However, there is always going to be the issue of over analysing children’s behaviour, and diagnosing a shy child with anxiety problems when there is no need. I feel that most of the shy children in the world are just that; shy. They may be finding new situations uncomfortable, or may feel like they can’t answer in class. But they don’t have any serious underlying issues with anxiety. Similarly with hyperactive children – it is easy to diagnose a shy child with anxiety issues, just like it is easy to diagnose a hyperactive child with ADHD. So this is another area where listening to your child is very important.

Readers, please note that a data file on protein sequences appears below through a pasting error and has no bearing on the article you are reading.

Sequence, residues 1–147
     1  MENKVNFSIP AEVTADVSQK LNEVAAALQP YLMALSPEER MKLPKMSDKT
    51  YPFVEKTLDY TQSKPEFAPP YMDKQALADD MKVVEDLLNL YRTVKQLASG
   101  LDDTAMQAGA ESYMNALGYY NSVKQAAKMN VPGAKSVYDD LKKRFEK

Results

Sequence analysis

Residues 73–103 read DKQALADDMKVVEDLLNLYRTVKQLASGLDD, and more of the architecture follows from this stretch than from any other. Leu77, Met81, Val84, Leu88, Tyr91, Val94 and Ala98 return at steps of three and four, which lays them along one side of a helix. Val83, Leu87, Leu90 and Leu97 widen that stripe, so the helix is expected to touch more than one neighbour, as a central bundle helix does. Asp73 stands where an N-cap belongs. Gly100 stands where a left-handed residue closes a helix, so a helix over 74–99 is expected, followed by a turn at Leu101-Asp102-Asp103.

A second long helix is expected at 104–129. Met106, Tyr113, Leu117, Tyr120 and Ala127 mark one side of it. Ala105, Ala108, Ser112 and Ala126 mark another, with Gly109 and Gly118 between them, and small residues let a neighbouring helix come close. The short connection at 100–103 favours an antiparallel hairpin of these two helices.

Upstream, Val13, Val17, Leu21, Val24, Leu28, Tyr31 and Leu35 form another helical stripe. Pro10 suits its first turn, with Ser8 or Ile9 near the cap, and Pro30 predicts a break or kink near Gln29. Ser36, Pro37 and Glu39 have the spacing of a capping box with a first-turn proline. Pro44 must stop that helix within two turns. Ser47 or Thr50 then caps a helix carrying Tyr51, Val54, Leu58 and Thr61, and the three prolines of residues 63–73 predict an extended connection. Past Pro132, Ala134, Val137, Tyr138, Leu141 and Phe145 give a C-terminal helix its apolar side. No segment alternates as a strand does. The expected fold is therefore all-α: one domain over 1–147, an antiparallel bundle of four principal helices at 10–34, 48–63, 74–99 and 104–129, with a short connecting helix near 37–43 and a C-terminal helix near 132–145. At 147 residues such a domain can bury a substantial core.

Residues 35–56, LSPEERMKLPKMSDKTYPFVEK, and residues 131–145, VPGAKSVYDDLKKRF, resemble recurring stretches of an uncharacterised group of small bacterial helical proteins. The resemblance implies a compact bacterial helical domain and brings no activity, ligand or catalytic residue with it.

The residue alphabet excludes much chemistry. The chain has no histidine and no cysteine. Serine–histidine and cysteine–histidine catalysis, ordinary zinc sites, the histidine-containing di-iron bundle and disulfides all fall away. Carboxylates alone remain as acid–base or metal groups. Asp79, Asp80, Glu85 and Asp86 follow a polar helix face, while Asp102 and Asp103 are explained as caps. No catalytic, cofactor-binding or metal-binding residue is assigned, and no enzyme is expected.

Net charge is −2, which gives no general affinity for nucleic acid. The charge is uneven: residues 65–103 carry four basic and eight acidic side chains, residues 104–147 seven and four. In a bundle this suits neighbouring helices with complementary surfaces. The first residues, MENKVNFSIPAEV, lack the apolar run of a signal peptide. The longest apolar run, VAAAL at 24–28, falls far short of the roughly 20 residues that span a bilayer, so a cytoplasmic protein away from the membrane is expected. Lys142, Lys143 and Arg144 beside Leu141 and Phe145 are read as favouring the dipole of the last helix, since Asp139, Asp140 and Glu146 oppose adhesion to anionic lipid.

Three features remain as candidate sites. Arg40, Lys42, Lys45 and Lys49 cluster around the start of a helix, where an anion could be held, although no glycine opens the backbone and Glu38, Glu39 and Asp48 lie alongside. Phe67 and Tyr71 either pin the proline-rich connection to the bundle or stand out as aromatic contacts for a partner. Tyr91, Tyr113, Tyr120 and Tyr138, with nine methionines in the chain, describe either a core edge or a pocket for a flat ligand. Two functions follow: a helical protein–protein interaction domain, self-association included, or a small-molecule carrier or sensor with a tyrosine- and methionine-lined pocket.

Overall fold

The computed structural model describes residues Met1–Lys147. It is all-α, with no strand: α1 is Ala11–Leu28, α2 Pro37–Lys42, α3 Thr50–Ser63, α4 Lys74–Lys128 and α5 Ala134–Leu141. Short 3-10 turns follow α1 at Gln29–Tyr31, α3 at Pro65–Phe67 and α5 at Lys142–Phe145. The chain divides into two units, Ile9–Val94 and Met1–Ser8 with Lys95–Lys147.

The biggest question when it comes to shyness is; is your child in distress. Dr Merikanga’s study did distinguish between simple shyness and the psychiatric diagnosis of social phobia. With the large amount of children who were considered to be shy – only 5% of the children in the study were found to suffer from social anxiety/social phobia.

So, what else can you do?

Well, if you are trying to find ways to help your shy child settle into a new school or a new class, one example put forward by Klass is to help them rehearse possible encounters and interactions. Help by role playing with them, go through what could happen ahead of time. And then plan to reward your child’s bravery afterwards – reinforcing that this is a positive step for them that should be repeated. Even if you need to rehearse every day, it will make your child feel more at ease, and will help them come out of their shell a little bit more every day.